Why Opt-In Just Doesn't Matter
By Adam Smithline
It began innocently enough. The year was 1997,
and a small group of business leaders and direct
marketers were just discovering the potential
of this new communication medium: email.
After decades of slow direct mail, expensive
telemarketing and broadcast and print campaigns
that seemed to disappear into the ether, it
seemed maybe at last the messiah of marketing
had arrived. As a direct marketer, you knew
instinctively that email was going to profoundly
transform business and marketing. And you
Today, less than six years later, email has
indeed had a significant impact. We?¡¥ve
leveraged and applied what we knew about direct
mail marketing and quickly discovered email?¡¥s
unique characteristics and how it can benefit
our companies and clients. An entire industry
has sprung up around email marketing, including
agencies, software providers and list companies.
Ironically, the email-marketing wave that
reinvigorated the direct marketing industry
is already becoming an endangered species.
Scam artists and porn kings sending high-volume,
non-targeted spam and filling our inboxes
to capacity threaten to make email unusable.
A Byzantine world of privacy requirements,
spam filters, blacklists and state-by-state,
country-by-country legislation have already
made email marketing challenging, and at the
current pace could threaten its existence
If you?¡¥ve grown tired of hearing
about opt-in, privacy legislation and particularly
spam ad nauseam, you?¡¥re not alone.
According to a Harris Poll conducted in January
2003, 96% of online consumers consider spam
annoying, and 74% would like it made illegal.
Today, with spam starts looking more and
more like personal email, evading filters
and clogging inboxes, consumer tolerance for
unwanted email is running out.
But just as it appears spam is going to render
email completely useless, there is good news.
Several companies have released anti-spam
software that provides consumers an affordable
antidote to spam. These new software applications?ausing
either Bayesian filtering or a Challenge/Response
mechanism?aallow the individual, rather than
the ISP, company or email provider, to easily
control exactly which messages can and can?¡¥t
While most Internet users don?¡¥t
yet know it, this technology is exactly what
they?¡¥ve been waiting for. The
stage is set for rapid and widespread adoption
of this new software, and the impact on email
marketing will be profound.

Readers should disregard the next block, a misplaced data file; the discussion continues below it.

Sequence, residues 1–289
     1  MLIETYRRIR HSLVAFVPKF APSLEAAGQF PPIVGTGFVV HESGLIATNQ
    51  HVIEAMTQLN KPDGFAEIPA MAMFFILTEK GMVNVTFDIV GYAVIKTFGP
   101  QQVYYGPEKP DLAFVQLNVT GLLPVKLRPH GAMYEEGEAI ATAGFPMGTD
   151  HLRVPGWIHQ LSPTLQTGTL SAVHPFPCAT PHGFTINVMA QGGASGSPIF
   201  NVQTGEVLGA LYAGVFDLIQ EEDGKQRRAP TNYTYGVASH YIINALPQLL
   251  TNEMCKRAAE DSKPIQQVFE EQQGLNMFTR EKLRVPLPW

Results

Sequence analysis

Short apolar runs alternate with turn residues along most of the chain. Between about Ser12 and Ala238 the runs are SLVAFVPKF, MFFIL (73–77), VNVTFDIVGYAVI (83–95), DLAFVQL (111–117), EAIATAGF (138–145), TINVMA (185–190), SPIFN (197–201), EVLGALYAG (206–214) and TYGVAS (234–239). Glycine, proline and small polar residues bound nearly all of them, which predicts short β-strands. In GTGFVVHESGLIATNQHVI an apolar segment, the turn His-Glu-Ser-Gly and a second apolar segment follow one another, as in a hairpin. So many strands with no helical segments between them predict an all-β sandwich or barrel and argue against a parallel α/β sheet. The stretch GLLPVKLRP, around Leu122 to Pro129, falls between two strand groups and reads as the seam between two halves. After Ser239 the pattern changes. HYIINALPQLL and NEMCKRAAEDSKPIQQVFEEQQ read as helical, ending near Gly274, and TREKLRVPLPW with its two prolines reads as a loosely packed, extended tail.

Regardless of whether they install Bayesian
or Challenge/Response filters, users will
no longer receive messages into their inbox
unless they really want to read them. This
is a critical shift in the way email works:
users will only receive email they really
The implications for email marketing are
also critical. What percent of your recipients
will actively select your email to be kept?
Your current ¡ãopen¡À
rates might give you some indication, but
it is probably an overestimate. Bayesian filters
actually learn over time which email you value,
so if a user classifies just one or two of
your emails as spam sometime down the road,
subsequent messages will no longer get through.
You can quickly see that with these filters
in place, regardless of permission previously
given, the majority of today?¡¥s
marketing emails would never get delivered.
When recipients can control exactly what gets
through, opt-in will be redundant, even meaningless.
Email campaigns, newsletters, and other impersonal
email are, as of now, no longer sufficient.
Only transactional email with information
the recipient really needs will be delivered
and read. If you haven?¡¥t done
so yet, it?¡¥s time to consider
how to make your email personal, relevant
and beneficial so every single message provides
obvious and immediate value.
The good news is that when consumers can
decide for themselves what that constitutes
spam, and have effective tools for eradicating
it, we can finally stop worrying about issues
such as opt-in, privacy and legislation. It
no longer matters how industry organizations
define spam, and it no longer matters if the
government passes laws against unsolicited
commercial email. These issues will largely
become moot, leaving us to focus instead on
delivering event-triggered messaging that
adds value and builds relationships.
The bad news, for many, is that the easy
days of one-size-fits-all broadcast email
campaigns are almost over. Opt-in is still
necessary, but it just doesn't matter.